Note: I installed two "high efficiency" roof ACs on my coach -- these only draw 10 amps for the same cooling output as the standard 15 amp ACs. I have been able to operate one on a 20 amp circuit, taking care to not operate any other significant load at the same time.

Summary:
1. both source sockets must be wired with correct polarity. Test first.
2. GFCI source will trip the GFCI breaker. No work around (that I know of).
3. This all assumes no 220 vac appliances. There's a 50-50 chance that the sources will have the same phase, so 220 may not be available at all.
4. Even with dual 20 amp sources, it still requires careful power management and a knowledge of what's on which leg.
5. Dual 30 amp adaptors work best with dual 30 amp power sources as GFCI isn't normally an issue and the power management isn't as critical.

Best of luck.

I automatically do not use any GFCI outlet and I'm currently running the center airconditioner and the battery charger on the one 20 amp circuit, the plug and outlet have not gotten hot at all, nor has the breaker tripped, I turn the roof air off at night and turn on the water heater. Most of my appliances run off of my inverter, supplied by the 8 Trojan T-105's.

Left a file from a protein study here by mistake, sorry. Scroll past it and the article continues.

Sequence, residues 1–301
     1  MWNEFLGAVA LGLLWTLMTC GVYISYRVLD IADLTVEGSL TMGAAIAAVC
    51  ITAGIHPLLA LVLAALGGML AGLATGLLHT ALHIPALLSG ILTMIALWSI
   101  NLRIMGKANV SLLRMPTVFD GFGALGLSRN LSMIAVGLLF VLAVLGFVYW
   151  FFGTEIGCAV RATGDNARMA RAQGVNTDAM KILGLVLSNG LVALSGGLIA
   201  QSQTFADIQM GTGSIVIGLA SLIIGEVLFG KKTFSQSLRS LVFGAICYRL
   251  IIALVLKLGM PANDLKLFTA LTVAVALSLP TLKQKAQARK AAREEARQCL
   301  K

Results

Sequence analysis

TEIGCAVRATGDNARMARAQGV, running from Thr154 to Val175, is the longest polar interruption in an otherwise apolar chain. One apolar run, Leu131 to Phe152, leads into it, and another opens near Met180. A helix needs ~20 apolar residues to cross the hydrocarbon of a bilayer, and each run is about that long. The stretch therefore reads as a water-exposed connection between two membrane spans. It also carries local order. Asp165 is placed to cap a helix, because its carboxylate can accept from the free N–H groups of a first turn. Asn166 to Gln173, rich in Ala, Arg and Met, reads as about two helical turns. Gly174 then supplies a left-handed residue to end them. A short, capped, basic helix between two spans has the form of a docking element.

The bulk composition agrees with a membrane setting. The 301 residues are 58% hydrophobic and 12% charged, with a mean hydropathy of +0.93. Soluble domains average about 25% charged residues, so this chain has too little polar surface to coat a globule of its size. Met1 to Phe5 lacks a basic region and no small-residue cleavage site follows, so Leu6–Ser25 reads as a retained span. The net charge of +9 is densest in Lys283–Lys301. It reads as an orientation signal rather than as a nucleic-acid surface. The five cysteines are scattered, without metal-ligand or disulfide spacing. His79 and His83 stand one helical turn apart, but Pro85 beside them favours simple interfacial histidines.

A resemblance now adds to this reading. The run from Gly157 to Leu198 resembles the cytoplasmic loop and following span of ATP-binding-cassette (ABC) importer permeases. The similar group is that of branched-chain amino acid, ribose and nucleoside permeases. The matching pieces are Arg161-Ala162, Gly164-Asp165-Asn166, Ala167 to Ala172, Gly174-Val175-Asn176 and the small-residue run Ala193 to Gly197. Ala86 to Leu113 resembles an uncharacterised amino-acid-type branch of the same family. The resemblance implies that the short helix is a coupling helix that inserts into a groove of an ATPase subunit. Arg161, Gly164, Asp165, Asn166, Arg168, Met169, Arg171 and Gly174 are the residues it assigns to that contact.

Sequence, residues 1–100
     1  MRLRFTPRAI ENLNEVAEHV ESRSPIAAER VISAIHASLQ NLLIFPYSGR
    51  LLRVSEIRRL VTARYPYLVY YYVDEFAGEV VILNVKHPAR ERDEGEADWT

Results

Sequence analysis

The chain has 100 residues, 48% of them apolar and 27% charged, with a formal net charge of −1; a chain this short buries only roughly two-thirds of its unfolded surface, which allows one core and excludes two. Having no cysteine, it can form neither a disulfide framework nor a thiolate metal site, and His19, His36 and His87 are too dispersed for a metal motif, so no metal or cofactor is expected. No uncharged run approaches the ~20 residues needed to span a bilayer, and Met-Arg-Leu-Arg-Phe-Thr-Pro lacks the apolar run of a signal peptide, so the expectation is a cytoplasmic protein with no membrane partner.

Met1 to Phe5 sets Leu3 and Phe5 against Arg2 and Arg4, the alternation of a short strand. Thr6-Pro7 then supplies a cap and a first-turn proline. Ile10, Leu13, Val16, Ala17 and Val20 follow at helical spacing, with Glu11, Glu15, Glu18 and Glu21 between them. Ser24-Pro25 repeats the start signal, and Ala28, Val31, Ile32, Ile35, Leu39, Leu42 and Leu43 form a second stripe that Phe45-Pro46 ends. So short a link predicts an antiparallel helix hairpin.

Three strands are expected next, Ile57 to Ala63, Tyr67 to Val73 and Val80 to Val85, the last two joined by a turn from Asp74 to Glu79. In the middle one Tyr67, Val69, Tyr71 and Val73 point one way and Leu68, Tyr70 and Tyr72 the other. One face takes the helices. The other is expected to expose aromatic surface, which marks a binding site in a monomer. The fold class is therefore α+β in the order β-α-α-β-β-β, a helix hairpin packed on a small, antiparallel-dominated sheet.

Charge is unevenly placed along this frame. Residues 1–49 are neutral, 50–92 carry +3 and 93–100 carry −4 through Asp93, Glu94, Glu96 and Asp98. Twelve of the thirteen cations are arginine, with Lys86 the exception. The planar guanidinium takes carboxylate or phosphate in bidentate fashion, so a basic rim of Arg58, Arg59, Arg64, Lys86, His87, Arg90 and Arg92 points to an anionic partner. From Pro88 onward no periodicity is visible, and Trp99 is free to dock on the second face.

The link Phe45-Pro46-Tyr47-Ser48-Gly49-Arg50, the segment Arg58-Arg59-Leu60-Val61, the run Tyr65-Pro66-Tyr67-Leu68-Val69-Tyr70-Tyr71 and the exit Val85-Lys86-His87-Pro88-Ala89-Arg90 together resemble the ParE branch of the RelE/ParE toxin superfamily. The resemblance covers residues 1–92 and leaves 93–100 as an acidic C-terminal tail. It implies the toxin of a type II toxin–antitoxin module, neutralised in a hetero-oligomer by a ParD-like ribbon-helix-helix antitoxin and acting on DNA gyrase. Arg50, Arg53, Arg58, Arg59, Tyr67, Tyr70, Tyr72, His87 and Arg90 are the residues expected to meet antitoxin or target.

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JOHN FINN
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1982 FC35RB
I'm NO EXPERT, but I did stay in the FINN'S INN EXPRESS last night
HOPKINS, SOUTH CAROLINA
VISIT THE FINN'S INN EXPRESS REMODELING ADVENTURE AND TECH. TIPS
I'M SO SLOW ON THE HILLS,THAT I GET TO SMELL THE FLOWERS AS I GO BY.....AND WATCH THEM GROW TOO!! NOT SO MUCH ANYMORE
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  #10  
Old 05-29-2009
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If you have separate battery chargers (such as the 94 bird), why not plug each battery charger into each 20 amp circuit and live off the inverter? I am assuming no AC's are running. My 94 inverter would run everything but hot water and AC's.